No new answers to the age-old but urgent questions, writes Neil Robinson.
Imagine for a moment that you are an official in an economics ministry. You are off to a meeting on the other side of the world and you’re killing sometime in the airport bookshop as you wait for your flight.
Your attention is caught by a copy of Ruchir Sharma’s The Rise and Fall of Nations. It’s a good title. Then you see Sharma’s subtitle — Ten Rules of Change in the Post-Crisis World — and you’re hooked.
You and your colleagues have been pretty much clueless since 2008 (longer really, you didn’t see the crisis coming after all!).
You tried boosting the economy by printing money and launching schemes like car scrappage.
You tried an awful lot of austerity, cutting social spending to balance budgets and boost ‘competitiveness’.
Nothing has worked as much more than a band aid. People aren’t happy. Some rules to guide you and get you the economy moving would be really helpful.
So, you buy Sharma’s book to read on the plane. But when you get off the plane do you have any idea what you should now do and recommend to you colleagues and political masters?
Unfortunately, no. It’s not that there aren’t some interesting facts in the book. It’s not that some of the things that are recommended aren’t sensible. It’s just that it’s not clear who these are rules for, how they are to be applied, or what the rules actually are.
Sharma says that the rules are mostly for developing economies. But there’s a lot in the mix about developed economies and what they should do too. So which rules apply to which set of countries? All of them? All at once? Or are some more important than others, and if so for whom?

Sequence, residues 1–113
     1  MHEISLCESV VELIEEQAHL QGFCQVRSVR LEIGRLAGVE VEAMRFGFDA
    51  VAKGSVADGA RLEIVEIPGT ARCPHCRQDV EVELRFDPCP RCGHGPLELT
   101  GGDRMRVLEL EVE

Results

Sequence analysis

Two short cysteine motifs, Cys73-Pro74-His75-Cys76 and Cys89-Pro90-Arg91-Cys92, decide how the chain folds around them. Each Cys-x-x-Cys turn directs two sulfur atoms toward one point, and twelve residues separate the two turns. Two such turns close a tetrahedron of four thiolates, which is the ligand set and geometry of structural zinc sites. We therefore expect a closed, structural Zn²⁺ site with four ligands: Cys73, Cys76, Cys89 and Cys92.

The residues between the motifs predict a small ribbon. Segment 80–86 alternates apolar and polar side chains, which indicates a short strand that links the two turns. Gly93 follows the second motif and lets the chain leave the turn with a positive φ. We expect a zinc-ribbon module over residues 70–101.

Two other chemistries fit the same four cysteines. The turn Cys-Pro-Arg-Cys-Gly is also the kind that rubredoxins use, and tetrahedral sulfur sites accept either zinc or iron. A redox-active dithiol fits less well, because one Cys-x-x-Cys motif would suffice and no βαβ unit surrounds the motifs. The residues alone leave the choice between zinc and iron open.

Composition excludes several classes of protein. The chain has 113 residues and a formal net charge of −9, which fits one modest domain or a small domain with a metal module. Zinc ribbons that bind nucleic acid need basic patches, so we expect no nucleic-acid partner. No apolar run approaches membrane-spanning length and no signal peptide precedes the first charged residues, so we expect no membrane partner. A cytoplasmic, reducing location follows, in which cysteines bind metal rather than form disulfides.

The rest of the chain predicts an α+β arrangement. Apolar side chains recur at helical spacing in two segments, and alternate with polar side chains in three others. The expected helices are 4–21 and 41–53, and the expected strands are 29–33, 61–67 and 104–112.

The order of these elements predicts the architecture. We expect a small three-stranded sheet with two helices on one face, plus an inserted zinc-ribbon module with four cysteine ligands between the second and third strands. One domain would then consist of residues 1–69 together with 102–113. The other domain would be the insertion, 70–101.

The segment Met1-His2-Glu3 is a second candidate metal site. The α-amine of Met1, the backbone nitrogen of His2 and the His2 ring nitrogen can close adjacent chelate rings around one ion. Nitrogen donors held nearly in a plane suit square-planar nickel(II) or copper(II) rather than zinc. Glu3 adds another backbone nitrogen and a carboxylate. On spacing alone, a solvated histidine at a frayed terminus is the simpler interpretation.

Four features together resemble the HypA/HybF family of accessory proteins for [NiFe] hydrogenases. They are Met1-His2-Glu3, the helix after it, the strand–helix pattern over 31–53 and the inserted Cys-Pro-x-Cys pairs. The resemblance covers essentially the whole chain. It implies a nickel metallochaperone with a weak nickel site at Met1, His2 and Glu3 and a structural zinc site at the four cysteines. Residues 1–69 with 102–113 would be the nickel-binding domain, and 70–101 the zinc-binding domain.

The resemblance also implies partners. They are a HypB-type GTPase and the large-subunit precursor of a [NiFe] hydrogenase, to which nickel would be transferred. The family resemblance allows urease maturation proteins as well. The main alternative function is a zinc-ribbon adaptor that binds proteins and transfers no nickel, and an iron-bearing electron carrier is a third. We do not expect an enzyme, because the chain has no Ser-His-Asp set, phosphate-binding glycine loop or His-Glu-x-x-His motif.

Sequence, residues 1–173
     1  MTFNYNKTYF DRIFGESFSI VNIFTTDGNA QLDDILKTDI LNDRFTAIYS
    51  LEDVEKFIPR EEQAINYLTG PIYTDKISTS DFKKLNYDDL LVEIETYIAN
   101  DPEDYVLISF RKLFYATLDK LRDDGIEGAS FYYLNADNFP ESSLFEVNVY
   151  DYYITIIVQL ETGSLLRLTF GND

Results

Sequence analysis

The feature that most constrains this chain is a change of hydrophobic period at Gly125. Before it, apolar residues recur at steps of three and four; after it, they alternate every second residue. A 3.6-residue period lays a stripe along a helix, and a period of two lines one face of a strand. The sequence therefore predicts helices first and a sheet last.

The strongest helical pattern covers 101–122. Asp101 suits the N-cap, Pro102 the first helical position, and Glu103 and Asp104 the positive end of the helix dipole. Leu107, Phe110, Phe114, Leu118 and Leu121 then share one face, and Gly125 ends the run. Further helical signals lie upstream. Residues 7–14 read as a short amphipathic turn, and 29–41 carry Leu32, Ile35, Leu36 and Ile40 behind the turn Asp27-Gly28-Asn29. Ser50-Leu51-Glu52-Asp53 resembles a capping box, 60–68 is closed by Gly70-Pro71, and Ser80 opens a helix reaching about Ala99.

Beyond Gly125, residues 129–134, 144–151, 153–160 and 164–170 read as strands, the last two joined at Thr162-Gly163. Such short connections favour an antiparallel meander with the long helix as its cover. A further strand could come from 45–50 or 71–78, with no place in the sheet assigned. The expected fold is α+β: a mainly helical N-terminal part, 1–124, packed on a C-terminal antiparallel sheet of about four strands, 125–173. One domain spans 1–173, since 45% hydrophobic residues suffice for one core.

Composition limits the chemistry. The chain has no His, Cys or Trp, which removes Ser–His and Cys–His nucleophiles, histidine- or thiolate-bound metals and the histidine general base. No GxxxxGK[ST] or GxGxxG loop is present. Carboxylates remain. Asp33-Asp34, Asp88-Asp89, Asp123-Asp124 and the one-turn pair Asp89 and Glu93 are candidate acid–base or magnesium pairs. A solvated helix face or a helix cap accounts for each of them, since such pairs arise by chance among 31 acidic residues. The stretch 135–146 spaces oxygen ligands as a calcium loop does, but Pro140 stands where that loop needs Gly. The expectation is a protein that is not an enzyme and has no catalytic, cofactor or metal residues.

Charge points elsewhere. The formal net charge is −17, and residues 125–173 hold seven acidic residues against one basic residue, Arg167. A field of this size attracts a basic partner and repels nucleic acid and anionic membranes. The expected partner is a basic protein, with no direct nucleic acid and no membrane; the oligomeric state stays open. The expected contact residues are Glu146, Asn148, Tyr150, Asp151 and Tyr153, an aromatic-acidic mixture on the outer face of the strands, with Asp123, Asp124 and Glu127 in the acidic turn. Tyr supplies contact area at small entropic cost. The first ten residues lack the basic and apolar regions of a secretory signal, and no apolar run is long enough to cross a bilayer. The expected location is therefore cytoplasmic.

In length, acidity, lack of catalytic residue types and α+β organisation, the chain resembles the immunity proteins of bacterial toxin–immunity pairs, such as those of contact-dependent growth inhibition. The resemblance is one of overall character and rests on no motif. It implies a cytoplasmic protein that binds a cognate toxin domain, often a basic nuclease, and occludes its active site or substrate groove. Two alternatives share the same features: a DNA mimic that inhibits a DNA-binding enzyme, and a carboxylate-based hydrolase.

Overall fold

Sharma doesn’t say. He gives examples of countries where things are not good to show why it is important, for example, to have good leaders rather than bad. But this is broad brushstroke stuff and it means Sharma’s rules read more like platitudes rather than rules.
Who would disagree that investment should generally grow and should, as a rule, be greater in productive sectors rather than service sectors or construction, or that inflation should not be allowed to run wild, or that debt shouldn’t be allowed to grow faster than the economy does for too long?
The devil is, as usual, in the detail, but the details are missing. How should these rules be followed and to what extent, and when?
At what point, for example, does debt become a problem? If it’s long-term sovereign debt, is it ever really all that great a problem? Arguably, long-term debt can grow so long as it is used to fund investment rather than politicians’ personal consumption, and if its rise and fall is used to keep growth rates steady.
When should we let debt grow and when should it be stopped? Does stopping debt growth mean not borrowing more, or paying down debt? What’s the rule?
In the end, and since Sharma provides no answers, his rules don’t seem all that much different to the rules that politicians and technocrats have applied for over a generation: Watch inflation, keep competitive, and keep government on a tight rein! Across the world, these rules have not prevented crises occurring — if anything they’ve helped cause crises — or lead to their speedy resolution.
Maybe we should ask different questions about issues on which Sharma is silent. How do we make development ecologically sustainable? How to we secure growth without creating inequality?
If you’re an economics official at an airport, it might be an idea buy a notepad and a pen and think of some answers to these questions.
Neil Robinson is professor of politics at the University of Limerick.
The Rise and Fall of Nations: Ten Rules of Change in the Post-Crisis World by Ruchir Sharma
Allen Lane, €30
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